It is widely expected that France too is on the cusp of a disastrous downgrade, its banks heavily tied in to Greek, Spanish and Italian debt - maybe before Christmas. Rattled by the prospect of losing their coveted triple-A status, French representatives lashed out in frustration at the UK. Christian Noyer, the governor of the Bank of France, suggested that the credit rating agencies should look instead at the UK because of the level of its debt and inflation, and the poor levels of growth and bank lending. A French downgrade “doesn’t strike me as justified based on economic fundamentals,” he said. Pick on Britain, not us.


Similarly, François Baroin, the French finance minister, maintained that “one would rather be French than British at the moment”, given that Britain is in a “difficult economic situation” with a deficit level “equivalent to that of Greece” - an obviously absurd comparison from a financial-economic point of view, but which served the political purpose of sticking the boot in. He also remarked that the UK government was “marginalised” within Europe, a reference, of course, to David Cameron’s decision at Brussels in the very early hours of December 10 to veto proposed changes to the European Union treaty - amendments heavily pushed by Angela Merkel and Nicolas Sarkozy as part of their plan for fiscal union. By all accounts Sarkozy was openly rude to Cameron at the Brussels negotiations, so perhaps Noyer and Baroin are remaining true to the spirit of modern-day French diplomacy.

Responding to the French jibes, an official spokesperson for David Cameron declared that the British government has “put in place a credible plan for dealing with our deficit” and that the “credibility of that plan can be seen in what has happened to bond yields in this country”. In other words, ‘I’m all right, Jack’. The spokesperson also played down any idea that the prime minister was seeking to undermine the agreement, such as it was, reached at Brussels between the EU 26 and repeated Cameron’s promise to “engage constructively” in the talks taking place on the implementation of the new “fiscal compact” devised by Merkozy. But Britain would only sign up to the new treaty, the spokesperson added, if it obtained “safeguards” for the City of London - keeping up the silly fiction that the duplicitous Brussels bureaucrats would strangle the life out of British capitalism if given a chance.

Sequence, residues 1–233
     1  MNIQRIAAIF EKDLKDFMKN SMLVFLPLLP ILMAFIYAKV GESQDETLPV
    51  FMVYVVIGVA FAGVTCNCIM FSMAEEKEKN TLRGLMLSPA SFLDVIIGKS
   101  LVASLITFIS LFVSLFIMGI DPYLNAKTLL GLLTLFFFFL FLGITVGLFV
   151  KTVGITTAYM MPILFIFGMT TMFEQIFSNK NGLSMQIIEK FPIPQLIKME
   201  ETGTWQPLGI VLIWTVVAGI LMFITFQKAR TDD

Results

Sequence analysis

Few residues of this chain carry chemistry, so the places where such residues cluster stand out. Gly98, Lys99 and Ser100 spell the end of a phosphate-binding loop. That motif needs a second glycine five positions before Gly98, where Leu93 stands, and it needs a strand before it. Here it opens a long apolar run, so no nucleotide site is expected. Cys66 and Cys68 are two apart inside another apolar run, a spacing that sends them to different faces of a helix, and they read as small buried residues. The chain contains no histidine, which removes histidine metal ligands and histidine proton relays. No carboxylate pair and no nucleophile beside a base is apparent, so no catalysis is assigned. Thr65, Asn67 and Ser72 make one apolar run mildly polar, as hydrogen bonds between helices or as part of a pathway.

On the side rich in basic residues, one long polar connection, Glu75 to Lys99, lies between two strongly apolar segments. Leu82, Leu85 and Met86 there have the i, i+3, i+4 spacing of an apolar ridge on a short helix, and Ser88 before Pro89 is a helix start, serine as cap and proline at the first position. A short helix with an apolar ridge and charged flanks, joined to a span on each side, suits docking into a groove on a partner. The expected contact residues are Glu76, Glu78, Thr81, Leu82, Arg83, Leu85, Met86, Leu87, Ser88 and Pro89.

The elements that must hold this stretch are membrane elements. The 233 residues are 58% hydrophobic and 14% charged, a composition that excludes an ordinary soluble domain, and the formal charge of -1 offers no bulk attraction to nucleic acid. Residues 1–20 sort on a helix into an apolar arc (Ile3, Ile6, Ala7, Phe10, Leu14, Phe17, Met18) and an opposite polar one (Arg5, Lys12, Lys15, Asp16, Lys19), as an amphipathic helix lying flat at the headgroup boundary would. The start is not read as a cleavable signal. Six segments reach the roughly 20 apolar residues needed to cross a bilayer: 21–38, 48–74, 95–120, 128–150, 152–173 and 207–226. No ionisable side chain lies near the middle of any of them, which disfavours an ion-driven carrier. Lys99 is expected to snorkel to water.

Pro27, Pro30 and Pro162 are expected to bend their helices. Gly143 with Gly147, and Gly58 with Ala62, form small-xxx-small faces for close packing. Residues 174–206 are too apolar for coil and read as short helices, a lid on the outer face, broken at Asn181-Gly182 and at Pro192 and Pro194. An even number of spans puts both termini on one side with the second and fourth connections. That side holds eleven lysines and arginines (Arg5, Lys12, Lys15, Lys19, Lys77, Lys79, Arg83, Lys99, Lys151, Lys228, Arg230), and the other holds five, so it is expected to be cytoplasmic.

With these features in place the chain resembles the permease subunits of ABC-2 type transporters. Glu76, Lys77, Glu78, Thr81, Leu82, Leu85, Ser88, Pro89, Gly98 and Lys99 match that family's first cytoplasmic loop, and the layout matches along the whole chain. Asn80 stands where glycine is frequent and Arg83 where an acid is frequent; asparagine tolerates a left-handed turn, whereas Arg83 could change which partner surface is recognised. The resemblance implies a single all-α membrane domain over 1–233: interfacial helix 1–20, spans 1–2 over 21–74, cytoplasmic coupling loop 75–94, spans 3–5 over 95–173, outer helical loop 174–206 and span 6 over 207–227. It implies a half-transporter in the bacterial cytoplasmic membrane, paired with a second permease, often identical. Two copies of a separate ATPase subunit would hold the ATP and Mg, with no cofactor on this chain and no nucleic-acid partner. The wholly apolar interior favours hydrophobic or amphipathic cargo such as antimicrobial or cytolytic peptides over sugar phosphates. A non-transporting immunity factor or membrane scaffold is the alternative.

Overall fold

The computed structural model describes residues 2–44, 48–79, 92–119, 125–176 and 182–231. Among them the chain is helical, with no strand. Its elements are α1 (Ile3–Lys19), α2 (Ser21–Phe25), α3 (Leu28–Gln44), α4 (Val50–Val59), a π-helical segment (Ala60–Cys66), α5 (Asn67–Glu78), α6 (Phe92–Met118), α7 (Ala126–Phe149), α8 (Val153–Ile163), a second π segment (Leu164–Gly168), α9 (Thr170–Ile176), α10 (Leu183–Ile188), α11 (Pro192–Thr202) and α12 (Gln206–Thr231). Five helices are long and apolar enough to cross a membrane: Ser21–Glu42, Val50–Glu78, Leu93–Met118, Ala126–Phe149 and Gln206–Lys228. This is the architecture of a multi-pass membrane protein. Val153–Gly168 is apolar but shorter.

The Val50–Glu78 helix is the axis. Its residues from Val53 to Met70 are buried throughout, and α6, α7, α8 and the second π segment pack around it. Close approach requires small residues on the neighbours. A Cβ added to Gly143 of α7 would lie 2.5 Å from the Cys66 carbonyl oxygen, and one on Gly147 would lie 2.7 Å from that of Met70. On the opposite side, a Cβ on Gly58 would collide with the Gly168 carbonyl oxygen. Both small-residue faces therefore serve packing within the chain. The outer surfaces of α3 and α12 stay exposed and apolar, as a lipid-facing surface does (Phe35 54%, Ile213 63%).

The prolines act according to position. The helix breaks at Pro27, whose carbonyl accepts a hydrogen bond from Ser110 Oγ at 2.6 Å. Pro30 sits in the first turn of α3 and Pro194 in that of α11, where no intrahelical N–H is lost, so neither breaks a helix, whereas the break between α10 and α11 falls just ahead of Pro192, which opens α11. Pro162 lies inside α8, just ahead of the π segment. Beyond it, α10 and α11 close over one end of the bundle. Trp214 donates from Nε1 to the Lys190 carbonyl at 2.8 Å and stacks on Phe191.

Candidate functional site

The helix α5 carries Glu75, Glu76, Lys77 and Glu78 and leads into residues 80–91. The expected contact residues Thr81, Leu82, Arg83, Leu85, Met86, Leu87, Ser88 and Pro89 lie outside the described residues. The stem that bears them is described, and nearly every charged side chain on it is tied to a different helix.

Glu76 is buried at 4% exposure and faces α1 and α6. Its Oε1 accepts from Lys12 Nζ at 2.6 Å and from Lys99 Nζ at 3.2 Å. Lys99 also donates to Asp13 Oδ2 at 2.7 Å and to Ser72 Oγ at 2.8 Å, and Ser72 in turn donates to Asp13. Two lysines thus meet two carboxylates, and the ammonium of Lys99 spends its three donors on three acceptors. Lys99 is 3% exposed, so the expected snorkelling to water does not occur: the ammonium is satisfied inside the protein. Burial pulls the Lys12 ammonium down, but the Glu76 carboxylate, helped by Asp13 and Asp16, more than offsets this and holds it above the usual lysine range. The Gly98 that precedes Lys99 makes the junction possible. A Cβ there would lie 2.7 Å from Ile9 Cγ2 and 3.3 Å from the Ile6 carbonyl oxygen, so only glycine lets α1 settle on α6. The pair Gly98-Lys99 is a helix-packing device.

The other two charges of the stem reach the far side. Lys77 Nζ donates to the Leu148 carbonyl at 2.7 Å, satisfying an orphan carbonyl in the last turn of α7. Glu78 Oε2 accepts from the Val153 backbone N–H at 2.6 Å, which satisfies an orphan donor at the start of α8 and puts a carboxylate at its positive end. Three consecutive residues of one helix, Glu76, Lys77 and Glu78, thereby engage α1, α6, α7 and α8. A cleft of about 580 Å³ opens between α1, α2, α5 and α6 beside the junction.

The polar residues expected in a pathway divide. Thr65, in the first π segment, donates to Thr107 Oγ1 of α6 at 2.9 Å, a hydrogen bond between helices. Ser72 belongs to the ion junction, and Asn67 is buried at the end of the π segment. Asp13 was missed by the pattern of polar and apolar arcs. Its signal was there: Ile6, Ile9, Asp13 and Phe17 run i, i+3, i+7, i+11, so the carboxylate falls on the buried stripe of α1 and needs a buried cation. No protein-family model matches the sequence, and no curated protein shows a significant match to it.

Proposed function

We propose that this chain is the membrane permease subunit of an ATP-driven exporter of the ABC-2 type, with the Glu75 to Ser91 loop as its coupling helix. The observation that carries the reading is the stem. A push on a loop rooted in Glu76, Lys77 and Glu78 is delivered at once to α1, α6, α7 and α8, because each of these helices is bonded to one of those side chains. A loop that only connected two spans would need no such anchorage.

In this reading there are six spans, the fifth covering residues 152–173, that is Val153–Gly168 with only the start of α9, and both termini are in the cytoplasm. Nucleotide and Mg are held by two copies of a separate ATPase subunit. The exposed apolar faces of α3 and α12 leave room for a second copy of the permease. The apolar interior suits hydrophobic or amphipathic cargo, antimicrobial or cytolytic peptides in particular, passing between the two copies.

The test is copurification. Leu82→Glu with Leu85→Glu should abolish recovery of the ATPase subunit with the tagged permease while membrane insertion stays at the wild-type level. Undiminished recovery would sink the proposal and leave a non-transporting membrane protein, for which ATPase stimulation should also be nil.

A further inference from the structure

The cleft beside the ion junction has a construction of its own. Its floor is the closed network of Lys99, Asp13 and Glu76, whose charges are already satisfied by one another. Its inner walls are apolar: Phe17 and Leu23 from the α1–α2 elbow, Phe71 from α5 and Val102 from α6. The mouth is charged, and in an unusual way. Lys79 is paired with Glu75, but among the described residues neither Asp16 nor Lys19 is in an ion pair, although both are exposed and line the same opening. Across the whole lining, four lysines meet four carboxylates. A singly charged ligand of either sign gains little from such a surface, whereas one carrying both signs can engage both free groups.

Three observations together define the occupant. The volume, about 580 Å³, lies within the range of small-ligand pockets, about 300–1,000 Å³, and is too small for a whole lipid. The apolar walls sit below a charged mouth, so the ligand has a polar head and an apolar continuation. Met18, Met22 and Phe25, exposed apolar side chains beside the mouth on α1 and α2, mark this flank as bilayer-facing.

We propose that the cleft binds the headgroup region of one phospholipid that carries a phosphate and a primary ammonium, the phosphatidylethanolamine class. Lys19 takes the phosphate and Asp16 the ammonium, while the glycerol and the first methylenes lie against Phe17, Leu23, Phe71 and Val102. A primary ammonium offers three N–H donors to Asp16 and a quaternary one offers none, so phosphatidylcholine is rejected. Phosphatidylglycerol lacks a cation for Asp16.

In reality, as we all know, Merkozy’s putative fiscal union would leave the City - and the UK’s financial services - untouched. But why let small things like facts get in a way of a cheap, populist gesture?

Less temperately, David Ruffley, a Conservative member of the treasury select committee, thundered that the remarks of Noyer and Baroin were “another example of Gallic self-delusion on an epic scale” - seeing how, he spluttered on, they are “tied to a currency that could become a basket case at any moment”. As for Jesse Norman, another Tory treasury committee member, he opined that Noyer had misunderstood the agencies’ warning, arguing that the ratings agencies views “do not simply reflect the fundamentals of the French economy, but also the continuing failure to resolve the euro zone crisis” - because at root “this is an expression of anxiety at a failure of political leadership” in the euro zone. Norman may have a point.